Somerled and the Battle of Renfrew

On this day in 1164, with a large army from Argyll, Ireland, and the Western Isles, Somerled invaded mainland Scotland and met the Scottish army at Renfrew.   

Somerled, a powerful West Highland and Hebridean warlord, first appears in the historical record in the early 12th century. The Gaels of western Scotland had by Somerled’s time intermingled with the invading Norse of earlier centuries, creating a population that was ethnically mixed. Although historians still debate to which group Somerled’s family belonged, John Marsden concludes that “virtually everything that is known of or has been claimed for Somerled, even the most obviously apocryphal anecdotes found in the most doubtful sources, reflects some aspect of the characteristic fusion of Norse and Celt which binds the cultural roots of Gaeldom”.[1] Whatever his ancestry, Somerled is credited with finally driving the Norse from the western Highlands, and in his lifetime the Gaelic language and culture experienced a resurgence.

Somerled’s 20 October invasion has usually been seen as a grab for power by a chieftain who got too big for his breeches, but recent scholars have pointed out that the mediaeval chroniclers, from whom we get much of our information about this period, were under the patronage of the Scottish king and the church. The chroniclers present the military actions of Somerled and other warlord chieftains as rebellion against their rightful loyalties, but that was not necessarily the case. For one thing, a good part of Somerled’s lands were held of the Norwegian king, not the Scottish one, and Scotland’s kings had occasionally tried to take these lands from his family by force. Furthermore, feudal lordships established by followers of the Scottish kings had been slowly encroaching on all of the semi-independent peripheral regions, and Fergus of Galloway had already been defeated. Seen in this light, Somerled’s ‘invasion’ might well have been defensive in nature.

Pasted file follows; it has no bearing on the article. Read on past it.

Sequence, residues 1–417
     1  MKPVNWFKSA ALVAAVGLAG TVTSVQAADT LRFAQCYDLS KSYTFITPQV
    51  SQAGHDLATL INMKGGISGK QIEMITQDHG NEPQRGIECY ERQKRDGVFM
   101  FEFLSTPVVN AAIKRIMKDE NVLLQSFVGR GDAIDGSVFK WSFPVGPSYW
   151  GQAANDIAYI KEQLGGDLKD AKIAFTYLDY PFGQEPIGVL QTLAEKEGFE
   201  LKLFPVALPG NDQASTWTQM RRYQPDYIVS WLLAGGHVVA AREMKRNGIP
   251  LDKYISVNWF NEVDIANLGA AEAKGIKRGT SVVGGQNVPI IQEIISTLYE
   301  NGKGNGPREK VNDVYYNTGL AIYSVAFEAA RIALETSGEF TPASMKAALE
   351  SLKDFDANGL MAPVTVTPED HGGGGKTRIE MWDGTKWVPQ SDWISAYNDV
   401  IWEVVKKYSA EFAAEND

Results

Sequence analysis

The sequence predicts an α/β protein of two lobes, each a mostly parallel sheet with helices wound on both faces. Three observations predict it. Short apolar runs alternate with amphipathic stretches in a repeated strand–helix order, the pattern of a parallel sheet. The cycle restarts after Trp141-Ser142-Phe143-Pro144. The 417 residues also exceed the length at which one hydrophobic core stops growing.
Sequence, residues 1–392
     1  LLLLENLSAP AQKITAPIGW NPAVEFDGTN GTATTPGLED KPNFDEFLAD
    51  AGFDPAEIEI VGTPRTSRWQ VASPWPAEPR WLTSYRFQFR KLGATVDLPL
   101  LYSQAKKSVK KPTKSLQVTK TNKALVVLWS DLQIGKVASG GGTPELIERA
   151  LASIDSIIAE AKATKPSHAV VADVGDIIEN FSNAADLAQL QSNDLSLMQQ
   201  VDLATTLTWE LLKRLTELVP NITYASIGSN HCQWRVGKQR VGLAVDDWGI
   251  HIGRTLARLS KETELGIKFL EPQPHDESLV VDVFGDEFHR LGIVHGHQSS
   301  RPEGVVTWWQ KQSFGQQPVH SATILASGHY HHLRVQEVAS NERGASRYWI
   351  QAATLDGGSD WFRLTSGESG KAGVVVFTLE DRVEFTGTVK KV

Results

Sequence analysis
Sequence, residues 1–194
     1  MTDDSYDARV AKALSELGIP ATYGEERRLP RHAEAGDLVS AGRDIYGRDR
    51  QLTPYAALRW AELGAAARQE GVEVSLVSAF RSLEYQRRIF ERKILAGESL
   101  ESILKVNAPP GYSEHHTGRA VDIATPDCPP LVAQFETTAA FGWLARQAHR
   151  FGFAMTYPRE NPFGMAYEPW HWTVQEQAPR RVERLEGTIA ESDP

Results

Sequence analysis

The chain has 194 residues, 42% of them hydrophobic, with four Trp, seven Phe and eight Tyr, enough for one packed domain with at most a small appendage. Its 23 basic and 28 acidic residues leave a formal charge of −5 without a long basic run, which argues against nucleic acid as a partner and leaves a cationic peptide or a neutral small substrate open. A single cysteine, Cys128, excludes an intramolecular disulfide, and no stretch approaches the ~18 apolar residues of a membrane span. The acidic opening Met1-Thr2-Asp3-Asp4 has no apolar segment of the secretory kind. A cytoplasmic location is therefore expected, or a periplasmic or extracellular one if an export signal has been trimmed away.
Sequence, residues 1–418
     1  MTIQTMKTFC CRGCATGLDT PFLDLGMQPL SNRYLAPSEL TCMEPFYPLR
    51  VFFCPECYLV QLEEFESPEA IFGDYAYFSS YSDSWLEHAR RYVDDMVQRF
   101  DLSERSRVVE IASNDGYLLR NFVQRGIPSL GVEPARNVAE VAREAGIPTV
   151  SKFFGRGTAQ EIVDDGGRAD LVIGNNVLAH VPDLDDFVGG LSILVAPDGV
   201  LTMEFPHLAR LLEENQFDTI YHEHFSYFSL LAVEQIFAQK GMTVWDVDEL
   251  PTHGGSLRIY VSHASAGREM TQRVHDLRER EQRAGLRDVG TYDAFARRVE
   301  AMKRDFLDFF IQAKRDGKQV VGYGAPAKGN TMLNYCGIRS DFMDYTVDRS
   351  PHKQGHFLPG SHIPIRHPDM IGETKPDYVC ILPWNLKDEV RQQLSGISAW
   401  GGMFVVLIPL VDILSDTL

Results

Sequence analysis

Whatever the reason for the invasion, Somerled was killed and his army defeated. Tradition holds that he was betrayed and assassinated before the battle, but this story does not seem to have appeared before the 17th century. It is more likely that he fell in battle, along with his son Gillebrigte and many of his followers. Despite this defeat, Somerled’s descendants maintained possession of the Isles and Kintyre and continued to rule the west for centuries. DNA evidence suggests that roughly a quarter of today’s Macdonalds, a third of today’s Macdougalls, and about 40% of today’s Macalisters, both in Scotland and elsewhere, are direct descendants of Somerled.[2]

Copyright (c) Lynn McAlister, 2011

[1]Marsden, Somerled and the Emergence of Gaelic Scotland (Edinburgh, 2005), p. x.
[2]Bryan Sykes, Saxons, Vikings, and Celts: The Genetic Roots of Britain and Ireland (New York, 2006), p. 214.